(Thanks to Mumba Devi Motion Pictures for access to a preview print.)
Independent films set in Jammu and Kashmir seem to be appearing more often on the festival circuit. This is an unusual film that draws inspiration from various sources. It presents a folkloric tale in a modern context with a narrative divided into seven chapters, each titled with a song. The songs are from a variety of sources around the Himalayan region and the film is influenced by Sufism. The focus is on a community of shepherds who range across a wide area from Northern India and Kashmir and Ladakh to Pakistan and Afghanistan. Now recognised as a ‘scheduled tribe’ in India, the Bakarwali are Muslims. As is common in South Asia, they are also seen as part of a bigger group that includes Gujjars, more associated with North Indian states such as Rajasthan. The writer-director of the film is Pushpendra Singh. He was born in Agra and attended FTII in Pune, initially training as an actor but later moving into direction and this is his fourth feature which premiered at the Berlinale in 2020 and was shown in festivals in Calcutta and Kerala before lockdown denied an expected run in PVR multiplexes. The director was able to introduce his film and to offer a Q&A at Borderlines.
He explains how the original idea came about:
I had read the folktale in 2010 and was fascinated that Vijaydan Detha [a well-known Marxist writer from Rajasthan] wrote a feminist story in the late 1960s which also dealt with desire and exploitation and how a woman in a conservative feudal society asserts herself and makes her own choices. The idea to adapt it to contemporary times was also a strong drive to choose the subject. (Quoted in a Variety piece by Naman Ramachandran, 26 November 2020)
Pushpendra Singh decided to rework the story in a contemporary political context by locating it in Kashmir and he also decided to take inspiration from the the poetry of 14th century Kashmiri mystic Lalleshwari, also known as Lalla or Lal Ded.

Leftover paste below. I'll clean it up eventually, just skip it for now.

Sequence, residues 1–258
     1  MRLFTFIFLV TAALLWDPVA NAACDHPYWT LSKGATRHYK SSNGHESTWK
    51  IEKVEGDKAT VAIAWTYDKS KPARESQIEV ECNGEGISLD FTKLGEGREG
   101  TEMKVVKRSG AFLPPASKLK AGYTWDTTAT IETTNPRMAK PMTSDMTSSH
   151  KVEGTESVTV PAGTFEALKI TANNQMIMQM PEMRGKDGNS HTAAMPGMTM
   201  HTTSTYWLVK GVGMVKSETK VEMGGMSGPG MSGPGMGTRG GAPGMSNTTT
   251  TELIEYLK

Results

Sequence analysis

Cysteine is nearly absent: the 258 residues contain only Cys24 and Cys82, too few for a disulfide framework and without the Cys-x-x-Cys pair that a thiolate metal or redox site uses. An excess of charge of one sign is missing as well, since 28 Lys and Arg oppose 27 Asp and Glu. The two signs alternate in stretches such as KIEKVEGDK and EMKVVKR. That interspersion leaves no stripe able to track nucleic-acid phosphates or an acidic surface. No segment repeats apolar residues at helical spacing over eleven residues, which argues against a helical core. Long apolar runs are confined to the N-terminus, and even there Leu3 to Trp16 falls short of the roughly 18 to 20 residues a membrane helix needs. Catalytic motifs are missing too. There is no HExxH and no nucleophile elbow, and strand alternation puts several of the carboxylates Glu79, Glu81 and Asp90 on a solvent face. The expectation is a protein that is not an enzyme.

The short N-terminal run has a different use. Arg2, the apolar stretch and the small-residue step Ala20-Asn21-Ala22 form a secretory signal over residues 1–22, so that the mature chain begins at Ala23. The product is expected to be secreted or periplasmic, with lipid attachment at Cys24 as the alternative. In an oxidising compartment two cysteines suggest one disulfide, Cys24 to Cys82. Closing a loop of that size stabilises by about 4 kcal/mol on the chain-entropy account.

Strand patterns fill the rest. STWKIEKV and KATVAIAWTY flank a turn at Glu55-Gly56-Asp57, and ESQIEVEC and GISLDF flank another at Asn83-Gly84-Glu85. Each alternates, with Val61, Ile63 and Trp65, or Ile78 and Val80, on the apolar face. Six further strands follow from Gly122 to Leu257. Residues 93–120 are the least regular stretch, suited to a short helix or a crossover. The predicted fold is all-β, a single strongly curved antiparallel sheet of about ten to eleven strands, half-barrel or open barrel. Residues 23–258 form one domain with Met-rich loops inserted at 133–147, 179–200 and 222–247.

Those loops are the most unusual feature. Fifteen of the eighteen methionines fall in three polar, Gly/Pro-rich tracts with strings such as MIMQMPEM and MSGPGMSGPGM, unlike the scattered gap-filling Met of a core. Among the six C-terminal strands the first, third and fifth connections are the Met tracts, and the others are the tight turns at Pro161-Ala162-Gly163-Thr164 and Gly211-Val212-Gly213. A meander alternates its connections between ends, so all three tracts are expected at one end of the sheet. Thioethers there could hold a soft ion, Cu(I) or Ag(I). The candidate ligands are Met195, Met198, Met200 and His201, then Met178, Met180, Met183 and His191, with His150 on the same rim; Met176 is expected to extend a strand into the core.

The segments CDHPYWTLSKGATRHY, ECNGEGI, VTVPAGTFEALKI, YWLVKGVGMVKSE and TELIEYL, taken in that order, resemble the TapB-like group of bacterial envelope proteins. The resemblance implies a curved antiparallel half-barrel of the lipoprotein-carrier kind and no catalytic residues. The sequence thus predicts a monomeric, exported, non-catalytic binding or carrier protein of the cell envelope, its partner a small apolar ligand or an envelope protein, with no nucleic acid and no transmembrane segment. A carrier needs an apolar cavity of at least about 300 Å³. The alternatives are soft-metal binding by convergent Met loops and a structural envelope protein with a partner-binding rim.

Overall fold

The Barkarwali are nomadic shepherds and goatherds who practice annual transhumance, taking their flocks up into the Himalayas in the summer months and returning to bed down in the winter. Their traditions don’t recognise boundaries, but in the contested territory of Kashmir they find themselves being harried by Indian security officials who demand more stringent forms of identity. This is personalised when, during the summer move, the shepherd Tanvir finds a bride in the form of Laila. Tradition demands that he show his strength as a future husband and then ask for her hand. It is when the group return from the mountains that they realise how much has changed. Tanvir is accused of bringing a wife across the border illegally. The Barkarwali don’t recognise borders or ‘lines of control’ – or at least they pay them lip service – but the local police chief demands that they get proper ID cards. He also has designs on Laila. She will have none of it. Both the crossing borders and the potential ‘possession’ of Laila are metaphors for the control of Kashmir as well as male power directed towards women.
The narrative then moves into a kind of folklore farce. The police chief’s assistant Mushtaq assures his boss that he can ‘tame’ Laila and bring her to his chief. Or does he simply want her for himself? She is quite prepared to play a game, but only on her own terms and leads the men on, fooling her husband and frustrating Mushtaq. The Seven Songs take us through the stages of a kind of marital comedy. The folklore elements also produce moments of symbolism. A large tree bursts into flame from a gaping hole in the trunk as a sexual symbol. The end of the film makes a dramatic reference to the 14th century poet and the clear inference is that Laila will not accept the identities that men attempt to force upon her.
The film is very beautiful and I wish I knew more about the music. Navjot Randhawa gives a strong performance as Laila. Most of the other performers are local and non-professional apart from Shahnawaz Bhat who has appeared in other films. I’m not sure if the film has got UK distribution, but if it does appear it is recommended.
Party is one of several ‘parallel cinema’ films that are now available for streaming in the UK via MUBI’s Library. It has been very difficult to see these films in anything like a decent print for many years and it is good to have this new opportunity. It is nearly 20 years since I last tried to summarise what was meant by ‘parallel cinema’ and ‘New Indian Cinema’ in the 1970s/80s. Since then, Omar Ahmed has worked hard in the UK to find film titles and scholarly work around them. His blog at ‘Movie Mahal’ and his writing and PhD research is now a very useful source of both background and reviews of specific titles. His review of this film is here. I’ll try to approach the film a little differently in an attempt to use it more as an exemplar.